The Biggest Reason Organizations Struggle with CMS

One of the most common questions I get about web content management is “how much ongoing investment is required after the platform launches?”

This is a difficult question to answer since the role of digital and CMS are so different inside each organization. However, I believe the inability to answer this question is the biggest reason organizations struggle with web content management.

I find it helps to frame the question by looking at two different sets of priorities: Operational and Strategic. This slide from my recent eduWeb presentation helps explain the differences.

Operational priorities represent the day-to-day activities required to keep the lights on, respond to requests, train end users, create and update content and patch bugs. The list goes on. They can be tedious, unpredictable, unrecognized, and time consuming. Some people call it firefighting, but it’s a lot more than that.

Strategic priorities often represent the most important new projects to an organization. These are usually budgeted for and actively prioritized to ensure resources are being allocated to the work that matters. Many strategic projects also evolve into operational initiatives that require ongoing active management.

Organizations struggling with CMS almost always underinvest in the operational priorities. They often lack the people, processes and maturity to handle day-to-day web operations management. This leads to juggling both operational and strategic priorities together with an understaffed team and inadequate resources. Nothing gets done well, if at all.

Here’s the reality: Organizations need to be able to deliver on both operational and strategic priorities simultaneously. This goes far beyond simply adding more people and money. It means isolating both types of priorities and right-sizing the approach and processes.

Determining the proper level of investment means answering two questions:

  1. What activities and people are required to properly operate and maintain what has been built?
  2. What new strategic initiatives are required to meet the business goals and how best should those be staffed/outsourced?

I recently consulted with an organization that had a single half-time person managing the CMS and all of the ongoing web activities (and you thought you were overworked). When we looked at what was really required to properly maintain the digital channel, it was determined they needed at least 3-4 new people and better defined processes.

We then looked at the second question to identify new strategic opportunities. This resulted in a 2-3 year roadmap of digital initiatives deemed necessary to achieve the desired results for the business.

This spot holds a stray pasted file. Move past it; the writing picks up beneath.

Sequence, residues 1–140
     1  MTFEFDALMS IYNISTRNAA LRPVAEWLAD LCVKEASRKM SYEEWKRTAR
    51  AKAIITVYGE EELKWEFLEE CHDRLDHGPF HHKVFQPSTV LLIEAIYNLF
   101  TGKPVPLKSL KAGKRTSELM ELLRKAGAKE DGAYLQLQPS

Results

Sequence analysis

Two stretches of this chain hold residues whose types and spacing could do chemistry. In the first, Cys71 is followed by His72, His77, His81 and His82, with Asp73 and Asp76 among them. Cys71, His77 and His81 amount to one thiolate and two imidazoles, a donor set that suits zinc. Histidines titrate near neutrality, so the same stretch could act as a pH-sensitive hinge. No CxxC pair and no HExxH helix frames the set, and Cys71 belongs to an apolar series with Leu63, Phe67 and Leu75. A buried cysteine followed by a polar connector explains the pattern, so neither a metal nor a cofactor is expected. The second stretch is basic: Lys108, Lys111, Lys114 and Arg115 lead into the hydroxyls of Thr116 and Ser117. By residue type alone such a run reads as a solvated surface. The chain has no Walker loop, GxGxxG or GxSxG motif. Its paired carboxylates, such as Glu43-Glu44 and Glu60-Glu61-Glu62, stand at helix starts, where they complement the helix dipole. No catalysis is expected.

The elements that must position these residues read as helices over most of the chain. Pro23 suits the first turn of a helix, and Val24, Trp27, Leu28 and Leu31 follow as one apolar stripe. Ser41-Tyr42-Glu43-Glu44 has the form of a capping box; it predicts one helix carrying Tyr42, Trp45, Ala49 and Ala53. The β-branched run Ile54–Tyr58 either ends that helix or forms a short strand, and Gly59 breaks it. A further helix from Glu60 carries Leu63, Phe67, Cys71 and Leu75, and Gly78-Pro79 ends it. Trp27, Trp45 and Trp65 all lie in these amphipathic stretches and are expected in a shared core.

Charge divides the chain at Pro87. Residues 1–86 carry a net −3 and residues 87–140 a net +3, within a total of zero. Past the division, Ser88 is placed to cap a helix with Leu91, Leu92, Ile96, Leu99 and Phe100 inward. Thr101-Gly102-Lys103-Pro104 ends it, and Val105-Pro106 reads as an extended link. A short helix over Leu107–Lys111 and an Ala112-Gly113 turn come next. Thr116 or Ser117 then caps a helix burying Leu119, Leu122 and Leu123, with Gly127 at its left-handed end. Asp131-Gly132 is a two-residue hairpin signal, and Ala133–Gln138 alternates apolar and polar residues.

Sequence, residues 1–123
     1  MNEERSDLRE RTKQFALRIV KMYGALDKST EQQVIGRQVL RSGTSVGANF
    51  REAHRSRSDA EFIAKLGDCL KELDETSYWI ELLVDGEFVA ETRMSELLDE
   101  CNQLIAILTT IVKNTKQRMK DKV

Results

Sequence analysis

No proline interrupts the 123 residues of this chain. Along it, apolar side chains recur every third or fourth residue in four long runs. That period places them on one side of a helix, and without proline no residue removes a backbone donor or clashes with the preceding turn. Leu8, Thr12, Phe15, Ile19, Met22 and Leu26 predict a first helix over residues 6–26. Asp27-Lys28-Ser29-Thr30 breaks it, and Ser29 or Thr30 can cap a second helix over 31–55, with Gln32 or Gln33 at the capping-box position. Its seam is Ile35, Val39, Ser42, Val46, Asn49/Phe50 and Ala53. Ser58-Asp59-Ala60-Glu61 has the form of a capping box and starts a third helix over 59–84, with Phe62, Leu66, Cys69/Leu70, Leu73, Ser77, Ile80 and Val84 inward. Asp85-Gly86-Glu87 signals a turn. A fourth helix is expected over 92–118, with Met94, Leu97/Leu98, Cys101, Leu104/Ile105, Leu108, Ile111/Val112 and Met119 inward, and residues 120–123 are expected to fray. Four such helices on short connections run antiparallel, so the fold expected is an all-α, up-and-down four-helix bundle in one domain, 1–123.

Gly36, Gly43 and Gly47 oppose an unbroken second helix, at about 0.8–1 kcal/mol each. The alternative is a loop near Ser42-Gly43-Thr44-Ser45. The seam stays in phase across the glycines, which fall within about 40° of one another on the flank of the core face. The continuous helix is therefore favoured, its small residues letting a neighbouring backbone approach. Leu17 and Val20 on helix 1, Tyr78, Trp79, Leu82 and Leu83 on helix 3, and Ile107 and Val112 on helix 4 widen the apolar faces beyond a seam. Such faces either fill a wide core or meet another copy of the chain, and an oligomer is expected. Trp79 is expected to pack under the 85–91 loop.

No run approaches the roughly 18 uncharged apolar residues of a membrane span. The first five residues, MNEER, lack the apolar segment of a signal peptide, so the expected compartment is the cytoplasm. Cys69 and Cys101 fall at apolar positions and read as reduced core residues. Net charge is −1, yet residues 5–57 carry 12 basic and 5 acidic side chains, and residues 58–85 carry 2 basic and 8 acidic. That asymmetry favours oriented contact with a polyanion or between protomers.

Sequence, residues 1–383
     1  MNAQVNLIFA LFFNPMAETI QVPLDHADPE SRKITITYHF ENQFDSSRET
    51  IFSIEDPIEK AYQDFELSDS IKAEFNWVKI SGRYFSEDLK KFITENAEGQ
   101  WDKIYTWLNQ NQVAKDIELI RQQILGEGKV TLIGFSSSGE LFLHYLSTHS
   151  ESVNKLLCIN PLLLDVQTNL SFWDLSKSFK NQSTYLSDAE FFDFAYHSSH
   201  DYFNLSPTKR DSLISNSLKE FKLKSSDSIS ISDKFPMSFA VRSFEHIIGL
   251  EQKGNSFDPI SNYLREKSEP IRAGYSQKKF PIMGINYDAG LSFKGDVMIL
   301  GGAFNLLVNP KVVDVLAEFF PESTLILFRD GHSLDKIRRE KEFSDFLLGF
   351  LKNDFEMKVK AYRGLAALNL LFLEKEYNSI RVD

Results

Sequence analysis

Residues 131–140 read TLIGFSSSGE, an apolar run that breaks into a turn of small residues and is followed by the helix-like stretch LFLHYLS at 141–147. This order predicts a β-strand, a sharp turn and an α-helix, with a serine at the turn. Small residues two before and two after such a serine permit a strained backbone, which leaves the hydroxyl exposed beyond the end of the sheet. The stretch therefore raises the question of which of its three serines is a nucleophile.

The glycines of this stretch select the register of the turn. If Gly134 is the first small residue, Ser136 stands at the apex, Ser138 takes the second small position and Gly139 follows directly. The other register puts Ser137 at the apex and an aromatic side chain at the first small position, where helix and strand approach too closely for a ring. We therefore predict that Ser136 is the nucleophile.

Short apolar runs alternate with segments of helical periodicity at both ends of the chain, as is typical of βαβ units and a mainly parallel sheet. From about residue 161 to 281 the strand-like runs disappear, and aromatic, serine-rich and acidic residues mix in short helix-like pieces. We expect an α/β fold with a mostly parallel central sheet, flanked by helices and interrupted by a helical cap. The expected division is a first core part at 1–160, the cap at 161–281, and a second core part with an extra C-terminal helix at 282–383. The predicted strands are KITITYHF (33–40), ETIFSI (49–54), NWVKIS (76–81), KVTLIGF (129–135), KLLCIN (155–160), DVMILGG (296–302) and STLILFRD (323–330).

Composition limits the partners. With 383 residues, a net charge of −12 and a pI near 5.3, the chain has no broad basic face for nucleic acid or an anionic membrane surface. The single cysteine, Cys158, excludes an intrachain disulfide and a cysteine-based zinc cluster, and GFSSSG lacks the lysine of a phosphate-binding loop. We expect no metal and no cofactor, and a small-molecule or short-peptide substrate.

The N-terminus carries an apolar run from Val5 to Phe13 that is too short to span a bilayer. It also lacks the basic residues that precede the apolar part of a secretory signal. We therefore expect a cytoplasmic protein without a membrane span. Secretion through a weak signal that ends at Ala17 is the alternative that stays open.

With both of these plans in place, we developed a staffing model and total budget that could adequately support both ongoing operations and new strategic priorities. It the first time this organization ever had a real plan and was able to clearly communicate the priorities to the rest of the organization.

With the right supporting metrics and business cases, this type of planning can get the internal buy-in necessary to develop a more sustainable model for both supporting and growing a successful CMS-driven web publishing program and digital team.

Even in cases where the full funding isn’t available, it can provide a framework for prioritizing what matters most. And by getting more structure around the operational activities, you’ll be able to free your team up to focus on the projects that can really transform your company and get you that promotion you deserve.

Need help developing your own plan? Drop us a line and we’d be more than happy to talk.

What have your experiences been managing CMS post launch and getting the proper teams and budgets allocated? Leave us your thoughts below.

About the Author
Jeff Cram

Jeff Cram is Chief Strategy Officer and co-founder of Connective DX (formerly ISITE Design), a digital agency based in Portland, OR and Boston, MA. As the Managing Editor of the CMS Myth, Jeff is passionate about all topics related to content management, digital strategy and experience design.

More articles from Jeff Cram


One response… read them below or add one.

  1. I like seeing the distinction between operational and strategic activities. It really drives home the point success is not just about the technology.

    We’ve tried out many different CMS staffing models at OHSU, some far more successful and less painful than others. Today, we have a great team team and our content management system is an invaluable component of our content management strategy. (1,000+ regular authors!)

    The part of CMS teams I frequently find overlooked is the system administration backbone. I attribute much of our success with CommonSpot to our ability to fully own the product and evolve it to meet our institution-specific needs. Progress will ultimately be stunted by strategic efforts, but unless you’ve mastered the technical aspects of your CMS, the product is destined to be blamed for anything that goes awry.

    It’s not enough to have a developer who can apply patches and a Windows admin to keep the web server up and running. In order to effectively customize a CMS for an organization’s workflow and development model, you need an integrated team of platform administrators, developers and business analysts who get the development, administration and tuning of web applications. It’s this collaboration that allowed us to move beyond procedural challenges and focus on the work itself.

    You very wisely point out that more structured operations frees the team to advance strategic priorities. This structure is an art that requires the perfect blend of technical expertise and proprietary institutional knowledge – something that’s difficult to expect from your CMS vendor.

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